A shorter email than I would generally write in September, mainly because of the extra one in August and because, surprisingly, relatively little has changed since then. Just to update you on student numbers, as things have settled down we are beginning to see a clearer picture. The latest figures indicate that we are likely to be several hundred over target, but we will need to await the outcome of the postgraduate taught recruitment, which varies widely from School to School, as I am sure you are aware. The good news is that staff appointments in areas where there is particular pressure have been going well, and the other support arrangements I mentioned last time are proceeding apace too.
At the all-staff webinar we held towards the end of the month, there were some questions on our policy concerning the wearing of face coverings (masks). In my last email I said last time that they must be worn in publicly accessible areas of the University. I also want to be absolutely clear that masks must be worn in teaching settings, although they may be removed while speaking in order to aid understanding. Teachers may find this particularly useful. Everybody in the class should, however, wear a mask when not speaking unless they are exempt. Last year students complied very well with this requirement, and I would expect that to be the case again this year. Should there be cases where students are unwilling to comply, however, it is open to staff to ask them to leave, and, if necessary, to draw their attention to our Community Commitment. We will be displaying a prominent slide in classrooms reminding everybody of their obligations. Any student in breach of the Community Commitment can be reported accordingly. One would hope that such instances would be very rare, and that a pragmatic, co-operative approach would be the norm, but it is important to be clear about our stance on this.
Our most potent weapon against coronavirus, of course, is vaccination. We want to make it as easy as possible for everybody who wants to be vaccinated to do so, if they haven’t already. To that end we have worked with colleagues in the NHS and Public Health Wales to launch a pop-up vaccination centre in the Students’ Union, and students will be alerted to this option when they enrol. After enrollment the centre will move to Talybont in an effort to reach as many students as possible. Please take any opportunity you may have of informing students of this option, and I hope that together, we can encourage as many as possible to take it up.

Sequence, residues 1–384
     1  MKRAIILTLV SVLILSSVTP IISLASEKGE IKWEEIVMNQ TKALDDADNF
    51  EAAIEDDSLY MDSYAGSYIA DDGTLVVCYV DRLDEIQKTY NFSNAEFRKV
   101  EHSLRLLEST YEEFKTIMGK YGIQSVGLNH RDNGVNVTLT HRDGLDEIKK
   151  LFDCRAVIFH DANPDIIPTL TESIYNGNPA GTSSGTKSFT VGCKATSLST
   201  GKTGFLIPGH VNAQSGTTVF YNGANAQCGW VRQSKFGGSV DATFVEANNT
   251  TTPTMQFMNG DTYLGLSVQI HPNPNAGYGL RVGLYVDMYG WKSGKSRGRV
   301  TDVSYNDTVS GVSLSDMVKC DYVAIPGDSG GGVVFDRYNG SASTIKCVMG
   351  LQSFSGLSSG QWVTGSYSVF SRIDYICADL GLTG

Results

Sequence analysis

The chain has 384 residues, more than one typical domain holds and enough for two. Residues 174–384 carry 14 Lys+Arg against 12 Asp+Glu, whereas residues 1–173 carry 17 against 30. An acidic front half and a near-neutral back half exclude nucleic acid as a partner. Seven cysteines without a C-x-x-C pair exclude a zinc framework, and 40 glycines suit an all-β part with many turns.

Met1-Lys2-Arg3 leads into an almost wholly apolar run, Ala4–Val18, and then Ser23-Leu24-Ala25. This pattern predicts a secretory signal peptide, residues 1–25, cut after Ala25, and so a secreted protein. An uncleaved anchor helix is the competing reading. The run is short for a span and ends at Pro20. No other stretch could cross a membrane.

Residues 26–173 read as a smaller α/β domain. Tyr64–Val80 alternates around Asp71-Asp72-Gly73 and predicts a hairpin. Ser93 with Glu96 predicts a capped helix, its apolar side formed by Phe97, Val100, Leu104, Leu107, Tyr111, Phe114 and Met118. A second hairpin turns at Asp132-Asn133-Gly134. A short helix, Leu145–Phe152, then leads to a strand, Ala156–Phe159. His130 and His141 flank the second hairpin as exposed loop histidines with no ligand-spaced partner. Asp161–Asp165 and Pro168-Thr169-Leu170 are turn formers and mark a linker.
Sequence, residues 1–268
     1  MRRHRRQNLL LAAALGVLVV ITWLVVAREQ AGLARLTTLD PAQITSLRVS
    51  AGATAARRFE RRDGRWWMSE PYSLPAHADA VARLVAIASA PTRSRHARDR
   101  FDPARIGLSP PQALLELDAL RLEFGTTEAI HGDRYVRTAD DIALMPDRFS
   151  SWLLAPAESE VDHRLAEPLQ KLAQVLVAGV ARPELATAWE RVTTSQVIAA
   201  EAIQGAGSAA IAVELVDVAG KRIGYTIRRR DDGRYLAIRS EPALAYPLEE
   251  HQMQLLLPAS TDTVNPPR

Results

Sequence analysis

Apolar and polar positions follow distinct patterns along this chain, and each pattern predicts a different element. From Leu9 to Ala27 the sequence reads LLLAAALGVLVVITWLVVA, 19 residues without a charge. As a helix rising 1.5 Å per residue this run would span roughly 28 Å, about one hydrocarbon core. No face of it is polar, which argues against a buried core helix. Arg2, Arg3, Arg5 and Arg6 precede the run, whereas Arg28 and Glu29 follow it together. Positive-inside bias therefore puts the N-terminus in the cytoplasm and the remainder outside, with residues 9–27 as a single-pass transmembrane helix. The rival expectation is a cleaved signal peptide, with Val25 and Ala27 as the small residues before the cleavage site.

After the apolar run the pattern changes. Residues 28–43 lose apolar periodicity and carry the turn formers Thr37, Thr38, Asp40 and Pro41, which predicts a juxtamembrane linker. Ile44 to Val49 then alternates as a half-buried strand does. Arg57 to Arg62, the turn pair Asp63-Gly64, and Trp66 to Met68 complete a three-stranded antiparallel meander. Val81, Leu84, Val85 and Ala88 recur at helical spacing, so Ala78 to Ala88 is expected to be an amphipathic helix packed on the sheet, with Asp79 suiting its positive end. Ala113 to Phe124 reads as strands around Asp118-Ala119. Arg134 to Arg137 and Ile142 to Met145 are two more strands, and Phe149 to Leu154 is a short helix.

Similarly, please encourage students to get tested regularly. They can get free tests from our Screening Service for staff and students who have no symptoms, and if as many staff and students as possible are tested once or twice a week, we will have earlier warning of any outbreaks and will be able to suppress them more easily. Now that things have opened up, other viruses are circulating and people may have minor symptoms (sniffles etc) that they would like to be checked via a PCR test. If that is the case, our Screening Service is set up so as to avoid any infection spreading and so can still be used.
We are maintaining our hygiene routines, and are ensuring that ventilation in university rooms complies with requirements from the Health and Safety Executive. Windows that have been painted shut for decades are being freed up so they can open, and mechanical ventilation is being set so as to ensure that plenty of fresh air is brought in.
We know that students are very keen to return to in-person teaching, and while some sessions may actually work better pedagogically when conducted via zoom or similar, the measures outlined above will place us in a strong position to do much more in-person teaching than was possible last year.
One final point: I have mentioned before our expertise in genomic surveillance, which is of national and international importance. It does mean that we are able to keep a close eye on any variants of concern, and thus far the domination of the delta variant seems to have ensured that other variants are unable to prevail. We should get early warning of any change, however, and in the meantime we can be confident that the combination of high vaccination levels (between 80 and 90% in our students and improving), regular testing, mask-wearing and other hygiene measures will provide a good level of community protection.
I want to finish by assuring you that your collective efforts are hugely appreciated. By working together we achieve the best possible outcomes for our students, who do deserve to enjoy university life as well as make great strides in their education. The opening of the Centre for Student Life is imminent (lectures will begin there on 4 October) and I think we will see our students making extensive use of all the facilities that are available there for socialising and social learning. Most of us thrive on personal interaction, and while it is very important to respect one another’s boundaries, I hope we can continue to make the best of the (much improved) position in which we now find ourselves. I want to thank you all for your commitment to our students, and wish everybody the best for the new academic year.
With best wishes